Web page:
The fog caused a lot of people to get at least momentarily lost and slowed proceedings up, especially on Brown Mountain where even a marshal got lost!! However, there were a few people straying further east than they needed to in the general vicinity of Maiviken Lake also. Wet rock and tussac made for slippery conditions and it was more like skiing than running in places. Fortunately that’s what marshals are there for...to ensure it all runs smoothly despite adverse conditions! (Excuse the pun!)


It ended up being a very enjoyable day despite the wetness. Not being a very big field one can mention almost everyone. Steve Massam and Charles Swift – the only two walkers this year finished in a time of 4:29:44. Out of the runners, Tim Hudson and Andrew Chase came over the finish line together in a time of 3:07:23, being narrowly pipped at the post by Rachel Hadden who completed in 3:03:28. Jenn Lawson and Bob Pratt finished together in equal third place in a time of 2:35:10. Greg Aagard celebrated finishing second in 2:29:04 with a cigarette!! Anjali Pande coming over the line first finished in a time of 2:12:04. A sterling effort from everyone!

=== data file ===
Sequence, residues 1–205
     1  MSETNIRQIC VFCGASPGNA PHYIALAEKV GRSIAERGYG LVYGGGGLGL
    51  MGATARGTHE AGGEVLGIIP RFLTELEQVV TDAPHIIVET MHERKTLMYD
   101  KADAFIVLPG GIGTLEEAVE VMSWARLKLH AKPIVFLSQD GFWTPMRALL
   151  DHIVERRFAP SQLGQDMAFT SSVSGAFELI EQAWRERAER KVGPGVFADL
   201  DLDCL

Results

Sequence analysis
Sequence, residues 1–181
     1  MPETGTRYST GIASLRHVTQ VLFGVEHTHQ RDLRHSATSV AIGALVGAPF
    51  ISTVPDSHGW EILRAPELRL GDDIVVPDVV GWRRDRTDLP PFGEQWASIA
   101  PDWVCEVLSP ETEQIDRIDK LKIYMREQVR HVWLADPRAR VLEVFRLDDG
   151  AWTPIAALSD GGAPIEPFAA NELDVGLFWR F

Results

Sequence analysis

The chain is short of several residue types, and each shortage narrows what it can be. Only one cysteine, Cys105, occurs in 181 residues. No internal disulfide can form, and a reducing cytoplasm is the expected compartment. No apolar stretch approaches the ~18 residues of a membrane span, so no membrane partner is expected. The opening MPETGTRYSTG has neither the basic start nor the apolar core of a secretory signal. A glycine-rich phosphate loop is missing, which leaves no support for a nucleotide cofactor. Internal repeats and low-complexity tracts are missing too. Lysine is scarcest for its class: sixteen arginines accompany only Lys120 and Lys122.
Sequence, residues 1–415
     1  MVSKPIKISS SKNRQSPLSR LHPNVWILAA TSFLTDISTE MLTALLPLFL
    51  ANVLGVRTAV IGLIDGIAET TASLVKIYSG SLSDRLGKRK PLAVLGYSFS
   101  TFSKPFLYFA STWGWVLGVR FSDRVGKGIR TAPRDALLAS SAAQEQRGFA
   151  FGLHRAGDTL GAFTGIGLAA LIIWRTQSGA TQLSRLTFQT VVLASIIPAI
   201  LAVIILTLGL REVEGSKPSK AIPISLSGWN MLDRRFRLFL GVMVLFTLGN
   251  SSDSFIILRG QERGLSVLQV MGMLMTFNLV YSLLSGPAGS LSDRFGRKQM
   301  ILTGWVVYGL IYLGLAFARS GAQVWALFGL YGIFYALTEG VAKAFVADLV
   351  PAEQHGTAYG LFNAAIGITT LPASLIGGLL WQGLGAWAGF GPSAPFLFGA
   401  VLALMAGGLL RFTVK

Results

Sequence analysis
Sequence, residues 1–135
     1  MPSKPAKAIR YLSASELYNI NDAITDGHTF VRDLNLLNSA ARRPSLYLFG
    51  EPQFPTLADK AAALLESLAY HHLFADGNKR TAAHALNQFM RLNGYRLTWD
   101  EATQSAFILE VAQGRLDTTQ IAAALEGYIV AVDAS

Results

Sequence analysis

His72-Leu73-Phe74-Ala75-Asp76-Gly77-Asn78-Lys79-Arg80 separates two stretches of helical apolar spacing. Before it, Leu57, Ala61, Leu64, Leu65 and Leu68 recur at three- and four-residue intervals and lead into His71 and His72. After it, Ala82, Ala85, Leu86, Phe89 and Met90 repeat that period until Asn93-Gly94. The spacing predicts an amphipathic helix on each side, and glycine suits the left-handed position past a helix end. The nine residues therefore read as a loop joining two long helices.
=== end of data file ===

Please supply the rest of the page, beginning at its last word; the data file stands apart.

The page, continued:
Competitors scramble down from Brown Mountain.
Competitors scramble down from Brown Mountain.
Greg receiving his prize for second place.
Greg receiving his prize for second place.

















Museum News

Report by Shop Manager Miriam Iorworth


Taxidermist Steve Massam putting finishing touches to a Wandering Albatross. Photo: Ainslie Wilson
Taxidermist Steve Massam putting finishing touches to a Wandering Albatross. Photo: Ainslie Wilson

After a busy start to the month, with a cruise ship every day to remind us just what it was like at the start of the year, things started winding down for the end of the season.


'Stuffing' Steve, the taxidermist, finished his beautiful Wandering Albatross, but there were a few worrying moments when John went to measure the height of the maritime gallery ceiling, its new home. Luckily there were a couple of centimetres spare and 'Alby' will be moved at the beginning of next season. Just to finish his couple of months here, Steve made quick work of a Snow Petrel, another beautiful specimen.









Saturday March 22nd saw the “Minerva” arrive for a brief visit and to take away our Curator, Elsa, along with John and Steve. Sarah and Miriam are left for the last week to close the museum and villa up for the winter. They’ve hoovered, mopped, counted and locked and are looking forward to the arrival of the “Pharos SG” to take them home.